Voice control, using either Alexa or Google Assistant, is the U by Moen smart faucet's star attraction, but after testing this kitchen tool for several months, I've concluded that its gesture control feature is far more useful. Voice control is no gimmick, as you'll see when I dig all the things you can do with voice commands. But the tasks for which I use a faucet most often--washing my hands, rinsing dishes, filling a watering can for my houseplants, and the like--waving my hand over the faucet to start the flow of water, and again to stop it is all the technology I need. I love my handmade farmhouse sink, but it seriously complicates changing out the faucet. But that could be because I live in a rural area and draw my water from a well.
Hundreds of human reviewers across the globe, from Romania to Venezuela, listen to audio clips recorded from Amazon Echo speakers, usually without owners' knowledge, Bloomberg reported last week. We knew Alexa was listening; now we know someone else is, too. This global review team fine-tunes the Amazon Echo's software by listening to clips of users asking Alexa questions or issuing commands, and then verifying whether Alexa responded appropriately. The team also annotates specific words the device struggles with when it's addressed in different accents. According to Amazon, users can opt out of the service, but they seem to be enrolled automatically.
A battery dock allows you to place the speaker anywhere in a room, not just in the proximity of an AC outlet. But those batteries will need recharging eventually, so most people who use them--myself included--end up leaving battery-docked smart speakers in the same places they'd be if they were AC-powered. A company called Wi-Charge claims it has a better solution: It has developed a battery-charging technology that harnesses the power of light. The power transmitter in this solution must be plugged into a wall, but the power receiver trickle-charges the battery in whatever device it's plugged into, keeping the battery forever topped off. Today, Wi-Charge announced new kits that work with Amazon Echo Dot and Google Home Mini smart speakers, so that the speakers can be placed anywhere in a room and operate without power cords.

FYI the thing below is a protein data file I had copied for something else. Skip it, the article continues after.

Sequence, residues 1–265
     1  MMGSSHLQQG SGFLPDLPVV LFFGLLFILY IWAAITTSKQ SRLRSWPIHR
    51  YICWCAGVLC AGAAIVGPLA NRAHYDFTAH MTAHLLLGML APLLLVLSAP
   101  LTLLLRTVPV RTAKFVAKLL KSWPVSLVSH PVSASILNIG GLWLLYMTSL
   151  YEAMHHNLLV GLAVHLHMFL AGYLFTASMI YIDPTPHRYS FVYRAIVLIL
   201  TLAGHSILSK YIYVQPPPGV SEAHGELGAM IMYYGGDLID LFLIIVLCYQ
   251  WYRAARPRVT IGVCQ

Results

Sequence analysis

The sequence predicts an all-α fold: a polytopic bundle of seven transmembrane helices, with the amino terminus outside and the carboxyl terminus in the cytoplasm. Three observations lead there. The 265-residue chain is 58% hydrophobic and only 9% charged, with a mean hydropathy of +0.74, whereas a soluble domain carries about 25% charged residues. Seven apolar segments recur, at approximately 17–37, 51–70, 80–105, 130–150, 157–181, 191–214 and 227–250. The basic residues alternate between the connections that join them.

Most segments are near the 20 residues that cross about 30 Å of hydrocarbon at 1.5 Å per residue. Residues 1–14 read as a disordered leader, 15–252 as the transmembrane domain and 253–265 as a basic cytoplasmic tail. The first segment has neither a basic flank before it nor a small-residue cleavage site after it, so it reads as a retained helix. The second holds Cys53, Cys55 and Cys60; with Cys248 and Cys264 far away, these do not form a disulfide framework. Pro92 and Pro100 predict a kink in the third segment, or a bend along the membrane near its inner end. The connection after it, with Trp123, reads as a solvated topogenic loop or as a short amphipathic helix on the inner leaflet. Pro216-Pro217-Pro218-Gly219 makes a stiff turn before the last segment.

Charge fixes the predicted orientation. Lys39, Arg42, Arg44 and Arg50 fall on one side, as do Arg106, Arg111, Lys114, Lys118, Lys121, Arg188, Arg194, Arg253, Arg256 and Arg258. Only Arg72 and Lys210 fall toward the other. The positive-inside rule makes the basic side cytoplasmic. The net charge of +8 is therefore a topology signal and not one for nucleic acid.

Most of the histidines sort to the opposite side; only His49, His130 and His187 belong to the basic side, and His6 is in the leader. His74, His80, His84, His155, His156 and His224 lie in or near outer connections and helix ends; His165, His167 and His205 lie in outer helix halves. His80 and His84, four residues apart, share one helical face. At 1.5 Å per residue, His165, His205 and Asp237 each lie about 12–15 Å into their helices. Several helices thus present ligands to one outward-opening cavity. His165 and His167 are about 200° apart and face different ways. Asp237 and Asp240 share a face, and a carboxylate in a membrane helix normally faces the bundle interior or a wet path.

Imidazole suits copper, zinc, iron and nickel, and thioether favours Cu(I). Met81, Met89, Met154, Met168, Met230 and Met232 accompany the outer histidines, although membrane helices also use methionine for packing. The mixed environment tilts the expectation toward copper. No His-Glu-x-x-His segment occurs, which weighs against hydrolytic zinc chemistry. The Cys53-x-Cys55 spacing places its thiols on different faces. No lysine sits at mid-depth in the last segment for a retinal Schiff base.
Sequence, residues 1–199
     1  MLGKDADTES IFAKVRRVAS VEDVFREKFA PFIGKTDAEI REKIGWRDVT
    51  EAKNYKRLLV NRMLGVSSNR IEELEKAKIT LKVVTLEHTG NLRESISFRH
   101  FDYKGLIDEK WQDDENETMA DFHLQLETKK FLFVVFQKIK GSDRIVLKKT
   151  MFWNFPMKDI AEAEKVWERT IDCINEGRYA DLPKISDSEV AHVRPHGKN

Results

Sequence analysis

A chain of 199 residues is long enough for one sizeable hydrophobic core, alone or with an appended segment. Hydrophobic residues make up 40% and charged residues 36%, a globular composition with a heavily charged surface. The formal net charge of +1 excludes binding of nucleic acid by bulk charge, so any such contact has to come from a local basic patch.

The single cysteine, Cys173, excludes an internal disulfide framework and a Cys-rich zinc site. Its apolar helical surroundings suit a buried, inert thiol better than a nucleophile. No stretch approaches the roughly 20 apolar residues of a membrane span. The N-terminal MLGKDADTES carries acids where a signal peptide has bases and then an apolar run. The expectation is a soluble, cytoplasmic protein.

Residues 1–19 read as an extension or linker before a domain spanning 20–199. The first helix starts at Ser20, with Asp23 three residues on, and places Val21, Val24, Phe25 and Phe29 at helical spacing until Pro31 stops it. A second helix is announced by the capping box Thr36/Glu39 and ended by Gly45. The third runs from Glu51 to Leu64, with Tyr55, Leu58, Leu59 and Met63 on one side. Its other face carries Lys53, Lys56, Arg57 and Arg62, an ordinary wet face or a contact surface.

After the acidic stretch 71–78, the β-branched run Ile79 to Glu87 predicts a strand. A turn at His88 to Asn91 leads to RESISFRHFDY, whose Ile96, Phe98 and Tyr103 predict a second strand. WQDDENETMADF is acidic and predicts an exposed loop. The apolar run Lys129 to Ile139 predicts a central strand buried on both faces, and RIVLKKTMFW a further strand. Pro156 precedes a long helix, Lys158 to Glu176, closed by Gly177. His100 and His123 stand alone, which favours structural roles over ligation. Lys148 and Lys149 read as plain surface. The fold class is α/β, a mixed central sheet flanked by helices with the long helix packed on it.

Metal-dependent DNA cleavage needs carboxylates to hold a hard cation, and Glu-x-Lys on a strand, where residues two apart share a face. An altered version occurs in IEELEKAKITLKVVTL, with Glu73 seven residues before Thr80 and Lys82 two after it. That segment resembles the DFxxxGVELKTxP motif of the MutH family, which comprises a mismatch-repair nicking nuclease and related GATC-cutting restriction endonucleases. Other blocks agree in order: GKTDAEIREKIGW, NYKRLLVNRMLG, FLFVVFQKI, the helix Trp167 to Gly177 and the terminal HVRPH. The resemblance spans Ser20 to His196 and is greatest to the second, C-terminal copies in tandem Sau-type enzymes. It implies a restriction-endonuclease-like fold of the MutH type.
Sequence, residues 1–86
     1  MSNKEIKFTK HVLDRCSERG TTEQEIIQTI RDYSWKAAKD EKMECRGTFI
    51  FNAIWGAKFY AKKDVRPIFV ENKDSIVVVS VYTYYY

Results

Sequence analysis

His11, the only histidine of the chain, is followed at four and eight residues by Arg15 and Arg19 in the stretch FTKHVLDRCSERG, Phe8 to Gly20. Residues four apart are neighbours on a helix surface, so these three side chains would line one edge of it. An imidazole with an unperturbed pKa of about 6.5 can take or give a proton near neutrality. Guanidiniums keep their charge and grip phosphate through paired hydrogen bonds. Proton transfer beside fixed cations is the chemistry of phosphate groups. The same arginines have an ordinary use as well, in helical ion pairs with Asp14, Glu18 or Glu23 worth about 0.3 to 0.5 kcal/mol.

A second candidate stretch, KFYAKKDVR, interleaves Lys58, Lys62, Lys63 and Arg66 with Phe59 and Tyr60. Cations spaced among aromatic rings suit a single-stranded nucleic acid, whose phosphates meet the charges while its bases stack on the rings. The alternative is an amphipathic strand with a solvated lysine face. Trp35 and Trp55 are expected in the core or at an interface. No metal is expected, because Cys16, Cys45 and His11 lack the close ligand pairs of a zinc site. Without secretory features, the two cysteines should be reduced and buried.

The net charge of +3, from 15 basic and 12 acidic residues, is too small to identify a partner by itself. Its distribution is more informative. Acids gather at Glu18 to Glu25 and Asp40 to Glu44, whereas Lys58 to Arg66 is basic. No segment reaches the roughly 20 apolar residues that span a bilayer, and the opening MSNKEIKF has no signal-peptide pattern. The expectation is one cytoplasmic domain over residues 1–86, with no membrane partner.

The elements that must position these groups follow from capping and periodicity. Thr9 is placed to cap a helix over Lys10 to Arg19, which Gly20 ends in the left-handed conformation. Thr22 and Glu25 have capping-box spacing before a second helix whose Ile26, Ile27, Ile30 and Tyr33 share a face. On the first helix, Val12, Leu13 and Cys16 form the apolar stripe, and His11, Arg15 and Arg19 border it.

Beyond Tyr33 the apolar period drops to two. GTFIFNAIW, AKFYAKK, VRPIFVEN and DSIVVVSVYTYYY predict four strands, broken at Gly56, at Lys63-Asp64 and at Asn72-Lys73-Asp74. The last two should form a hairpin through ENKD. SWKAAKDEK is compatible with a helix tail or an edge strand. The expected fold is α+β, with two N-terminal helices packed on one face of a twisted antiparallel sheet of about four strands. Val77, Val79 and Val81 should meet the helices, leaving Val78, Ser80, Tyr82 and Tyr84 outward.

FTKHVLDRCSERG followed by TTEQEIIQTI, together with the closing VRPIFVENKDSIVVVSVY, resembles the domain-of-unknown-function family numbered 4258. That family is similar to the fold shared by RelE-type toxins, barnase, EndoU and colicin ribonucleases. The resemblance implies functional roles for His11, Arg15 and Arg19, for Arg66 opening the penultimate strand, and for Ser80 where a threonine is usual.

Almost every day I make a pot of tea. Strong, black tea, the kind you have to steep properly in a ritual that involves a kettle, a tea tin, tea lights, a tea cozy. It's a four-minute brew, so I set a timer. I used to do it on the microwave, but some time ago I just started asking Alexa, via the Amazon Echo on my kitchen counter. "Alexa, set a timer for four minutes."
There's no denying that Google Home and Amazon Echo (or the less-expensive Echo Dot, if you're not using it for music) have changed the way we interact with our homes. Turning on the lights has never been easier, nor has it been simpler to field the latest traffic report or order delivery for dinner. The future is here, and we're reveling in it! But the proliferation of these devices around our homes leaves room for error. Google's and Amazon's connected speakers must always listen for us to utter their magic "wake" words--OK Google or Alexa respectively--in order to perform their tasks.